You know it’s a good show when you leave a venue and your hair is three times as large due to the humidity of the sweat evaporating off people’s dancing bodies. And this is even more impressive when the room isn’t a small club, but the cavernous environs of the Aragon Ballroom.
LCD Soundsystem has turned into a “band for their generation” even though leader James Murphy is far older than most of his fans. Sorry, the guy got kind of a late start and didn’t even discover dance music until he was starting to gray at the temples. But that works in the favor of his music, as he blends the soundtrack of Larry Levan’s run DJing New York’s Paradise Garage through the ’80s with his deep love of David Bowie and all things Krautrock. When the band initially disbanded in 2011, the news was met with the equivalent of a cultural wake, and mourning took the form of a farewell tour that worked as a celebration of the band’s influence.
(I could go into an entire aside here about how Murphy probably can’t stand that the mish-mash approach he took to LCD Soundsystem’s sound that was built on years of absolute nerd levels of crate-digging only to be replaced by offspring who could find stuff he searched so long for in a matter of seconds thank to YouTube, but that is “hey kid get off my lawn” territory, and after last night’s show I’m guessing he’s no longer really that annoyed by it.)
I’ve seen LCD Soundsystem many times over the years, from small clubs to massive outdoor shows, and while I have emotional favorites from the past, last night’s set was something new—the band has finally embraced being a Very Important But Fun Live Act™. Through the years the group’s setlist hasn’t changed all that much, with Murphy even admitting that the show they played took careful tinkering and adjustments to the chemistry that could throw the whole thing off. But on this “American Dream” tour, the band is taking a more fluid approach, mixing things up night to night with exciting results.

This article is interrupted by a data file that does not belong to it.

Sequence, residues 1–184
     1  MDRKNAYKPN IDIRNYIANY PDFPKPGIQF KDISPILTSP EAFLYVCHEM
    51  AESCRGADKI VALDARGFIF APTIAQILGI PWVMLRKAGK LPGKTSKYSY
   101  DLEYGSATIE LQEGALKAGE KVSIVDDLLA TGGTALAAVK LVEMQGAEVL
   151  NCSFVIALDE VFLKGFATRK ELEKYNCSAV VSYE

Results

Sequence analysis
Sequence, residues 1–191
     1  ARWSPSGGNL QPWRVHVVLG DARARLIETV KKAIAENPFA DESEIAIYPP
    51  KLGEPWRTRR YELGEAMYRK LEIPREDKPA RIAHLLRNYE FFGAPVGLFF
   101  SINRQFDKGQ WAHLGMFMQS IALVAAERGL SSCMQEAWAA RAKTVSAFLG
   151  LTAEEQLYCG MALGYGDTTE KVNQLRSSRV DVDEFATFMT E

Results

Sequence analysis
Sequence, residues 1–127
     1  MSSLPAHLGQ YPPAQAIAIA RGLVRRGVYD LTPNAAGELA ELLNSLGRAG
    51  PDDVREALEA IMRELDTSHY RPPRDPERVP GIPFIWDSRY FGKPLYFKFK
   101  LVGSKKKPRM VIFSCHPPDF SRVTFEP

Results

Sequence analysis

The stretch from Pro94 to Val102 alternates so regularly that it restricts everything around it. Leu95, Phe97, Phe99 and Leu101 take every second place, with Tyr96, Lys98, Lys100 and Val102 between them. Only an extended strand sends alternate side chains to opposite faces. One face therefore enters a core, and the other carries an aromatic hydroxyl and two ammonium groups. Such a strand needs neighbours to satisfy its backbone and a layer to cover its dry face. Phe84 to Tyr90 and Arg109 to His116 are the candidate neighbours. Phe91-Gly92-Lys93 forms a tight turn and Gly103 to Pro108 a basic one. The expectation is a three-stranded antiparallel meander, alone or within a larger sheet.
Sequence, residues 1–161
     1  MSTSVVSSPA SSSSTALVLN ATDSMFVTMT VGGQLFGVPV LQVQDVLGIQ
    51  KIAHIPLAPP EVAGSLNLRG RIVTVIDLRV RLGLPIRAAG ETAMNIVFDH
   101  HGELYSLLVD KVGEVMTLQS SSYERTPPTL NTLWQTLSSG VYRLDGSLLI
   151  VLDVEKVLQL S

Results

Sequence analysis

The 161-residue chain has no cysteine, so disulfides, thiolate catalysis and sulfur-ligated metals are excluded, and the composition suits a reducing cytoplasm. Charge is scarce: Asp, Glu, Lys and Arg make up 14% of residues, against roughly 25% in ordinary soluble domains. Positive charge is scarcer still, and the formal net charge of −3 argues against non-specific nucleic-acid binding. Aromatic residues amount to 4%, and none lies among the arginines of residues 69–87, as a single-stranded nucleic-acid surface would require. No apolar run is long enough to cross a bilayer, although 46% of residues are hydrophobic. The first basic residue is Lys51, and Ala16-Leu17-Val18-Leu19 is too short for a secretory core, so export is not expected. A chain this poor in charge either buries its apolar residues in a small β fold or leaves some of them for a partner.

I took copious notes throughout the show (people in the balcony must’ve thought I was nuts) but looking over them I realize describing moments don’t do any justice to the experience as a whole. Sure, there were cute asides like Murphy making goofy faces at multi-instrumentalist Nancy Whang when the lights went down and he thought no one was looking, or grinning wildly and giving drummer Pat Mahoney the O.K. sign with an “I can’t believe we’re pulling this off” look, or even Murphy air-drumming at the side of the stage after exiting just before the band’s “pee break” (their enforced intermission to take a breath and not make fans make noise for an encore). But those are moments.
What I saw, and what makes LCD Soundsystem special, is the communal experience. They are the church of disco—all-inclusive, with impeccable taste when choosing the mix to keep the party going, and get friends to hug friends and strangers alike. When I reviewed American Dream I noted that album’s greatest strength was that it finally felt like a full album, and not just a collection of great musical ideas. And it’s just hitting me now that the band has done the same with their live set. It’s no longer a dance party populated by bangers, it’s a rollercoaster ride meant to make you feel happy the person next to you is alive to experience it along with you. LCD Soundsystem shows used to thrill with their highlights, but right now the band has figured out how to make every second a highlight. And that’s exhausting. And beautiful.
LCD Soundsystem plays the Aragon Ballroom again on November 7 and November 8.
Setlist for LCD Soundsystem at the Aragon Ballroom, November 6, 2017
I Can Change
Call The Police
You Wanted a Hit
Change Yr Mind
I Want Your Love
(Pee break a.k.a. “Spanish Flea” by Herb Alpert and the Tijuana Brass)
Yr City’s a Sucker
Dance Yrself Clean
All My Friends